The Mojave School, a completely free, week-long creative writing workshop for young people age 13 to 18, returns to Pahrump for its annual session July 16-20 and is open for registration.
Held at the Nye Communities Coalition on weekday mornings, the workshop focuses on the power of the storytelling experience as a whole, says its co-founder, Claire Vaye Watkins.
Watkins and her husband Derek Palacio are both nationally recognized authors whose achievements include a New York Times Best Book for Palacio’s “The Mortifications” in 2016, and the Story Prize for Watkins’ “Battleborn” in 2012. They created the Mojave School in 2012 and fund it with their own earnings as working writers and from teaching creative writing as university professors. It includes free transportation for students in need.
The students will do a variety of writing exercises and a lot of reading and will share and critique each others’ work, said Watkins. “It’s very organic. We do have a syllabus but we let it be more of a community endeavor. We do things like focus on the pleasure of reading a beautiful sentence and the power of creating a person just using words.”
The Mojave School begins in the classroom but also emphasizes bringing teens out into the world to experience other venues, said Watkins. Last year the class took a field trip to the China Ranch date farm in Tecopa to talk about the natural environment and writing about the outdoors.
Watkins said the workshop benefits aren’t limited to the writing itself, but also include a sense of camaraderie and finding kindred spirits. “Students sometimes already know each other but didn’t realize they shared this in common. They thought they were the only one doing this,” said Watkins, but in the Mojave School, “they discover there are others just like them.”
Watkins said many of her students are prolific writers, some have produced more work than she has, and some have already been published. Others, she added, have very little experience but a driving urge for expression.
“These kids are excellent storytellers,” said Watkins. “They have a real freshness to their language that I don’t often hear in everyday life.” She said she looks forward to the workshops that usually include 12 to 15 students every year and finds that the classes are as inspiring for her as for the students.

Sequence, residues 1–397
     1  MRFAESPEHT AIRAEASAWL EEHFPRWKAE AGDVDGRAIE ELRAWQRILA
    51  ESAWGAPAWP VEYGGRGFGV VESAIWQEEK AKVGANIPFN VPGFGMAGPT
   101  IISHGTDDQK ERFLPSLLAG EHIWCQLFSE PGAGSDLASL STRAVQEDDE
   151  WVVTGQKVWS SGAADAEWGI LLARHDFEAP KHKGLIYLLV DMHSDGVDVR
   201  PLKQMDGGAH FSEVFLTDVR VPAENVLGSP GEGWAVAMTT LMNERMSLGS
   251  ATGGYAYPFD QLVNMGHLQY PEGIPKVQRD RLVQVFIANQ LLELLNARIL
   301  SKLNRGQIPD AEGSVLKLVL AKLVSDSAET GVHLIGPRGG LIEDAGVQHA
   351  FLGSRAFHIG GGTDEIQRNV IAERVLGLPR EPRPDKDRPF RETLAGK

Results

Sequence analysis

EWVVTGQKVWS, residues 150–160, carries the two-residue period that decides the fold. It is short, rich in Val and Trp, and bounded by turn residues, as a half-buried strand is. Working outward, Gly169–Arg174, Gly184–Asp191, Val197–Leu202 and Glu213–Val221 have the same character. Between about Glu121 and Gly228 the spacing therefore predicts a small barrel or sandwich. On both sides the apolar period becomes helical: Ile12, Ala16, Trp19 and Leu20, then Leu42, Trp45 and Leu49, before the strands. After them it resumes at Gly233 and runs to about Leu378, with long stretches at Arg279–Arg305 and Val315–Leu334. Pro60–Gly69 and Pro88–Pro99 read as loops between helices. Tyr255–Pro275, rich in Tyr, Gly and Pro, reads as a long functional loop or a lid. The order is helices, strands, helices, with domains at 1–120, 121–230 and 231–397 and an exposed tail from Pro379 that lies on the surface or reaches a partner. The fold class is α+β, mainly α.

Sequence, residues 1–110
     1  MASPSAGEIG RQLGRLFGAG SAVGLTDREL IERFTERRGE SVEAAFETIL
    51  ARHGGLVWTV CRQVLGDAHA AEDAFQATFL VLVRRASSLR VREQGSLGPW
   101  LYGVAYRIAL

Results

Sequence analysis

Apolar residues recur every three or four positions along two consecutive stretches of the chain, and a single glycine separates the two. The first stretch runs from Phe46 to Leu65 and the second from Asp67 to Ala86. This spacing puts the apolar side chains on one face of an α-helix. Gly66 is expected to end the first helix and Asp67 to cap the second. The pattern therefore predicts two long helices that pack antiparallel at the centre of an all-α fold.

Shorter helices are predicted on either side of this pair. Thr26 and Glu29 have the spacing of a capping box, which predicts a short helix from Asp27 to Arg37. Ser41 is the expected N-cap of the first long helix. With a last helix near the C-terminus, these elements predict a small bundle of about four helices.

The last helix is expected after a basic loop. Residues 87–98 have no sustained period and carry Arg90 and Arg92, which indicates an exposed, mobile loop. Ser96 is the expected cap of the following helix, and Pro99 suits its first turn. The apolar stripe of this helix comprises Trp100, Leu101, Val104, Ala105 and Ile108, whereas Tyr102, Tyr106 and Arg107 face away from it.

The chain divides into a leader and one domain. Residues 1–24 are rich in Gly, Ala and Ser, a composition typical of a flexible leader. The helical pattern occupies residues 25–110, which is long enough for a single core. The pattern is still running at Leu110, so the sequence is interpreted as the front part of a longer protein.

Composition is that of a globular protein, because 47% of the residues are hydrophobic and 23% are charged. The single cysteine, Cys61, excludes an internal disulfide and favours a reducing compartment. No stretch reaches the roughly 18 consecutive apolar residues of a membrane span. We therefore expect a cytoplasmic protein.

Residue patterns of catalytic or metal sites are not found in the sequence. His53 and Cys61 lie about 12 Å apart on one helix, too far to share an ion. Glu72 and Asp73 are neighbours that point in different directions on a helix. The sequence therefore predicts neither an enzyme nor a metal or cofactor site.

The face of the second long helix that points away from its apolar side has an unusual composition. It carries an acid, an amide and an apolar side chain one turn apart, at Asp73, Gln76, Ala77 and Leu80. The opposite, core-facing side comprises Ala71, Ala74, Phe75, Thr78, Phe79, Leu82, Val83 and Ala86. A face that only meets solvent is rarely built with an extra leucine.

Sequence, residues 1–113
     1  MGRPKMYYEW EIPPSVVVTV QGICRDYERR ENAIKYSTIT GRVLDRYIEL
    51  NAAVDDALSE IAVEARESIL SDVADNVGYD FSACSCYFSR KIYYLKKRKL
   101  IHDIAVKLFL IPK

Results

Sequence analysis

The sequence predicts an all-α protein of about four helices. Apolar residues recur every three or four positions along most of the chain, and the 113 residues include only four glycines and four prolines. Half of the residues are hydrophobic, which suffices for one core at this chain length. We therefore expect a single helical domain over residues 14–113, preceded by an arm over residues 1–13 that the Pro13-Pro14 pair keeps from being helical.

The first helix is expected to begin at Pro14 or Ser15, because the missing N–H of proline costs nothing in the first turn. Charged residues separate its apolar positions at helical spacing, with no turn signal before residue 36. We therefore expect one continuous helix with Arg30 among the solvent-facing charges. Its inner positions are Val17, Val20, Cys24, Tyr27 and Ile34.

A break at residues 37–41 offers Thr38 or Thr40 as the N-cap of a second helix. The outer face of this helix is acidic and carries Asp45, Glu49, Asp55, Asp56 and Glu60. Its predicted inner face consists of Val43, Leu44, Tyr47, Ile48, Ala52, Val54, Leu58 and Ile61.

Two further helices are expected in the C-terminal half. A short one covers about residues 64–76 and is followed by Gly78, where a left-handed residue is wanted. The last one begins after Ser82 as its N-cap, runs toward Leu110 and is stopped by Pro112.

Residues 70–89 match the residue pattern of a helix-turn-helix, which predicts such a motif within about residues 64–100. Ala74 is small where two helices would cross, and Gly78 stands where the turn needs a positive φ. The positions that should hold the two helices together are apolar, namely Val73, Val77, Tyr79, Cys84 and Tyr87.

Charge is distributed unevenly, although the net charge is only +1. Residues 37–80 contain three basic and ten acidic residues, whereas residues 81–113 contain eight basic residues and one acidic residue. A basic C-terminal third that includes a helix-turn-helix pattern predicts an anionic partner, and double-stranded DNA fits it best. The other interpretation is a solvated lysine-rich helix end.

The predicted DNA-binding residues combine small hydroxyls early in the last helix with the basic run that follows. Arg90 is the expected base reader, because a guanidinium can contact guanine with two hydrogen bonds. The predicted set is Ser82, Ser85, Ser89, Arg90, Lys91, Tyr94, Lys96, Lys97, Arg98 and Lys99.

At the end of the class, the young writers hold an evening reading to which their friends and family are invited. Last year’s reading took place at the Writer’s Block bookstore in Las Vegas.
“Sometimes what comes out at those readings is surprising,” said Watkins. “We don’t censor them, we encourage them to express themselves.”
The registration deadline for the 2018 session of the Mojave School is July 1. Students are encouraged to sign up by emailing their name, age and contact information to firstname.lastname@example.org. Students who have attended in previous years are welcome to return.
Watkins grew up in the desert, as a young child in Tecopa, and as a teenager living in Pahrump and graduating from Pahrump Valley High School. For the last several years she has been living, writing and teaching in cities far from her western roots but this fall, Watkins said, she and Palacio have accepted writing fellowships at the Black Mountain Institute in Las Vegas and will be living there for the fall semester.
This, she said, is exciting for many reasons but most relevant to the Mojave School is the announcement that the school will be expanding its reach in 2019. “We kept hearing over and over from adults that they wished there were something like this for them. It’s not just teenagers who have an impulse to tell their stories, it’s everybody and we could meet that need.”
In 2019, said Watkins, the Mojave School will hold a simultaneous “generative creative writing workshop in and of the Mojave Desert” for adults in the town of Shoshone June 29-July 7, 2019.
Many of the details of the adult workshops are still a work in progress, Watkins said, however, that she hopes to bring in well-known writers who are passionate about the desert. The focus will be rooted in a sense of place and of being part of a community.
Like the teen workshop, the adult workshop will be free for locals, but Watkins also plans to attract a larger audience and bring visitors in for the conference with a workshop fee to help offset the cost.
At its heart, the Mojave School, both the teen workshop and the proposed adult desert writing festival, is about making a contribution. “There is a lot of need in the world and this is what I can do,” Watkins said. “Certain parts of America are afraid of each other, but the impulse to tell stories is not just on one side or the other of the political spectrum.” Through stories, Watkins said, people may come to understand those they perceived as enemies. “It’s healthy for a democracy and it’s healing.”
Contact Claire Watkins at email@example.com
Robin Flinchum is a freelance writer and editor living in Tecopa, California. Her book, “Red Light Women of Death Valley,” was published last year.